What is a Secondary Offering?

A secondary offering takes place in the secondary market in the years following an IPO. It may either involve sale of existing shares or issue of fresh shares, depending on parties involved in the transaction.

The secondary market is the market where investors trade stock that they already own, whereas the primary market is where investors can buy newly issued shares.

The key to understanding a secondary offering is to distinguish it from an initial public offering (IPO). An IPO involves the issue of fresh equity shares to fulfill a company’s capital requirements. Sometimes IPOs may have a secondary component where an existing investor, such as a venture capital firm or a promoter, offers their holdings for sale. 

Types of secondary offerings

Secondary offerings may be classified based on dilution of ownership.

Non-dilutive secondary offerings

A non-dilutive secondary offering involves the sale of already issued equity shares by a major shareholder. It’s important to understand that the company has no role to play in a non-dilutive secondary offering. The company doesn’t receive cash nor issue any equity shares. The transaction is carried out between two entities, a buyer and a seller, in the secondary market.

A non-dilutive secondary offering generally happens after the post-IPO lock-up period ends. While this type of secondary offering has no impact on the total outstanding shares of the company, it could increase the float and consequently improve the stock’s liquidity.

Dilutive secondary offerings

A dilutive secondary offering is also known as a follow-on offering. It has some similarities to an IPO in that it involves the issue of new shares, and the company receives proceeds arising from the transaction.

A dilutive secondary offering increases the company’s capital, total outstanding shares, and float, consequently diluting the stake of current shareholders. The company may use the proceeds of the issue for reducing its debt, capital expenditure, working capital, or similar purposes.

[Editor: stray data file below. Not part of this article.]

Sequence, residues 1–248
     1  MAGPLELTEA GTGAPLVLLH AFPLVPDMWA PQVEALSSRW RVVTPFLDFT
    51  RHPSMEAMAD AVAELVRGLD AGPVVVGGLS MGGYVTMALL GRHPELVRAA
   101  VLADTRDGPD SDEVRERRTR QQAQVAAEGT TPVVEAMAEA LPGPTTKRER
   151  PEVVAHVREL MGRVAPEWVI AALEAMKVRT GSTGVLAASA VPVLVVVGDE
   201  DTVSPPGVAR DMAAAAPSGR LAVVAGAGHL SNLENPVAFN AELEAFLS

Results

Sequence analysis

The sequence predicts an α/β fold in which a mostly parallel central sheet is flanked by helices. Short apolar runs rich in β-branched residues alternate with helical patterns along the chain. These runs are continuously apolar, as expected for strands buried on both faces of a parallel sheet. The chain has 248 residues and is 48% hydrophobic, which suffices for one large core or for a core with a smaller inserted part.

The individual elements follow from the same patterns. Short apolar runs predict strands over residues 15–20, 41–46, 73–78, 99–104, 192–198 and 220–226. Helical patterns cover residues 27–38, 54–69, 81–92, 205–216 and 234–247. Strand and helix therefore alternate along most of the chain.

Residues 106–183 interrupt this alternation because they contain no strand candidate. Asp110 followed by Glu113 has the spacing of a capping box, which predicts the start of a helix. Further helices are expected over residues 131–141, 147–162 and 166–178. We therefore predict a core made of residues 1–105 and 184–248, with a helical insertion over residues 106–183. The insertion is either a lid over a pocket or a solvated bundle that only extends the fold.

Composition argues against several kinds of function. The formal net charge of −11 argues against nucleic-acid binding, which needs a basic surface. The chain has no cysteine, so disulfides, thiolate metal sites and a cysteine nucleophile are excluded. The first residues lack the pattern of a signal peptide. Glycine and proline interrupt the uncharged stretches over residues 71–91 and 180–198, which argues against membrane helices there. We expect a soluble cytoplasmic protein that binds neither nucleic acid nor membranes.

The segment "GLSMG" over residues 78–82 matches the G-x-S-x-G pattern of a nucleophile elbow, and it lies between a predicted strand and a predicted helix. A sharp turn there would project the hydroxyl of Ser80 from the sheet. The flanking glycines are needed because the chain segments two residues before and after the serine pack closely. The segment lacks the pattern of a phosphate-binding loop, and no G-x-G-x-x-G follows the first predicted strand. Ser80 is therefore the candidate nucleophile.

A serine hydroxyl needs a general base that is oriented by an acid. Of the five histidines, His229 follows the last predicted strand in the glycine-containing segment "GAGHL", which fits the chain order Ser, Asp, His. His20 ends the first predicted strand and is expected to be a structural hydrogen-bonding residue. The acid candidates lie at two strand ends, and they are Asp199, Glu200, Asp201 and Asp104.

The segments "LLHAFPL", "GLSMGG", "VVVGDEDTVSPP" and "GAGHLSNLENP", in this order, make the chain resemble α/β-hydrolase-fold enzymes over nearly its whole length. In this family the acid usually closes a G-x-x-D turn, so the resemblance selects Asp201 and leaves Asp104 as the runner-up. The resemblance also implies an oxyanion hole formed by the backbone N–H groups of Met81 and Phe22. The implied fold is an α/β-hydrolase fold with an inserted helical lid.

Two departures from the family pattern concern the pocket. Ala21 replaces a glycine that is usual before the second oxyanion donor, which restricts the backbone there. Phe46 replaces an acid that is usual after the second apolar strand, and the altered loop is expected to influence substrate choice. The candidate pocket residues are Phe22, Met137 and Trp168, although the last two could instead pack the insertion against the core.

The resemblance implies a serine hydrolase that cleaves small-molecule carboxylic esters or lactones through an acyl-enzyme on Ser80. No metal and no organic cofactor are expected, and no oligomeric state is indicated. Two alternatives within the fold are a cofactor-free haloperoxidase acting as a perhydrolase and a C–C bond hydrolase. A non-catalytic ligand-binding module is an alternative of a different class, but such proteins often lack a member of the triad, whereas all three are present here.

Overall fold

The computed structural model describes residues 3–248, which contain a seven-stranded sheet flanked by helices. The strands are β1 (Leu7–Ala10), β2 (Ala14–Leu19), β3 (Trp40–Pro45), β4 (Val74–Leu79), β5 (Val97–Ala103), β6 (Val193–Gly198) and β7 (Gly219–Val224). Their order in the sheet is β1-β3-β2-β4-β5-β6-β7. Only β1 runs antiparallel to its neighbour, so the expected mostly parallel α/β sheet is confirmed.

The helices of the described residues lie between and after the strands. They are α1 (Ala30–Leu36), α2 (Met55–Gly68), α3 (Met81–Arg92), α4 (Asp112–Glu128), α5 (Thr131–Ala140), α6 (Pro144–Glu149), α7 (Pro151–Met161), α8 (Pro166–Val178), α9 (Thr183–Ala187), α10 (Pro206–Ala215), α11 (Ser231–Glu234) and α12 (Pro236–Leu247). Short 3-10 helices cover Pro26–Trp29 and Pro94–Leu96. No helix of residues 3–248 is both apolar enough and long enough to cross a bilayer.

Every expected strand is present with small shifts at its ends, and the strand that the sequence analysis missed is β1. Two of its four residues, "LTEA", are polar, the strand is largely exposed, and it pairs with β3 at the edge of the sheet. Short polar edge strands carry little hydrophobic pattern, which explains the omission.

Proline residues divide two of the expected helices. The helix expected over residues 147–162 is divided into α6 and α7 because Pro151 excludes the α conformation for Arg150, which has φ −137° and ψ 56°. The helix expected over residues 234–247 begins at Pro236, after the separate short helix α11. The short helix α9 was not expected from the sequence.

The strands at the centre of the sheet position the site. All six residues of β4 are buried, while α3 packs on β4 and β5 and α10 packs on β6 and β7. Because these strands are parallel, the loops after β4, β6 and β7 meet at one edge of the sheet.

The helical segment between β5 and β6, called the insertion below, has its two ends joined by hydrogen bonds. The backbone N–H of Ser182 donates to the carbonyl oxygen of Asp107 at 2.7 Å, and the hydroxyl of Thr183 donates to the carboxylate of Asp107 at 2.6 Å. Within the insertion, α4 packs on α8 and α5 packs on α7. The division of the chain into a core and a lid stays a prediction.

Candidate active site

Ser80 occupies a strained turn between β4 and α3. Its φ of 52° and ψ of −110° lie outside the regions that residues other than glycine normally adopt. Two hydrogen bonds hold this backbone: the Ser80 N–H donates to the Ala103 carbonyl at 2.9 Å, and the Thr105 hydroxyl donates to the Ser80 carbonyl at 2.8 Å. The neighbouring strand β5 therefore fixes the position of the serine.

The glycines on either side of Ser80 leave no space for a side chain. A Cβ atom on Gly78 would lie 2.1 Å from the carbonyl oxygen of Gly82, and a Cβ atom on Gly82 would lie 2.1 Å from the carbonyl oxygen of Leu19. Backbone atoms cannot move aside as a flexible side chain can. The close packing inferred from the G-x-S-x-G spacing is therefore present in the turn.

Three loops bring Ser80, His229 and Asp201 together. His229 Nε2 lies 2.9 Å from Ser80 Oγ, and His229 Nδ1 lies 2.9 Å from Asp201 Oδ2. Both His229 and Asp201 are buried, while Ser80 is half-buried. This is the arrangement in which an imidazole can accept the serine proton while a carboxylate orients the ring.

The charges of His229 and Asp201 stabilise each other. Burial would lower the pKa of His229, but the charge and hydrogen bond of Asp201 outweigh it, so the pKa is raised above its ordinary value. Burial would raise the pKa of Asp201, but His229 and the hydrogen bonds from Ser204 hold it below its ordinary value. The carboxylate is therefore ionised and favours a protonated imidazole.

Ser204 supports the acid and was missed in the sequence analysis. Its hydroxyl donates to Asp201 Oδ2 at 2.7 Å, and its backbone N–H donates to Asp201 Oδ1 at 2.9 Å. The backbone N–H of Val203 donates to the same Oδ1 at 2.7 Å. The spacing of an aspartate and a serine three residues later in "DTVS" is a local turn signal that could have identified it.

The share price may drop following an announcement of a dilutive secondary offering because the earnings per share (EPS) will also be diluted post the offering. For instance, if the EPS is $2 before the offering, it may drop to $1 if the total issued shares double after the secondary offering.

A company may use one of the following methods for a dilutive secondary offering:

Private placement

The company issues shares to institutional investors such as hedge funds and trusts or high-net-worth individuals. Retail investors can’t participate since a private placement is not open to the public. Therefore, the shares aren’t available for purchase in the primary market.

Public offering

The company, much like in an IPO, issues new shares to the public. The company hires an investment bank to underwrite the issue, and the investment bank takes care of everything from marketing the issue to registering it with the Securities and Exchange Commission (SEC). Unlike a private placement, retail investors can participate in a public offering.

Toxic financing

The company issues its new shares to institutional investors at a price significantly below the market price. The investors sell those shares in the open market for a huge profit. The increased supply of shares puts downward pressure on the price, so other investors who bought the shares at a much higher price are adversely impacted.

Example of a secondary offering

In 2000 Goldman Sachs Group Inc. filed a secondary offering of 40M shares with the SEC, which meant the float would increase to 27% after the offering.

Investors selling their shares included Sumitomo Bank Capital Markets Inc., Kamehameha Activities Association, and former partners.

The shares were sold for $99.75 each, about $1 below its previous closing price. The total value of the offering was about $4B, making it one of the biggest secondary offerings on Wall Street at the time.

A secondary offering gives companies and major shareholders an opportunity to realize the gain on their investments, but it can negatively impact small investors and traders.

A non-dilutive secondary investment, though doesn’t directly affect the stock’s market price, may cause investor sentiment to turn sour, effectively driving the stock’s price down. However, a dilutive secondary offering will almost always drive the stock’s price down since it will reduce the company’s EPS.

As investors, you should be wary of secondary offerings. If possible, try to predict if a company you have invested in or are planning to invest in will make a secondary offering in the foreseeable future, and liquidate the investment or avoid investing.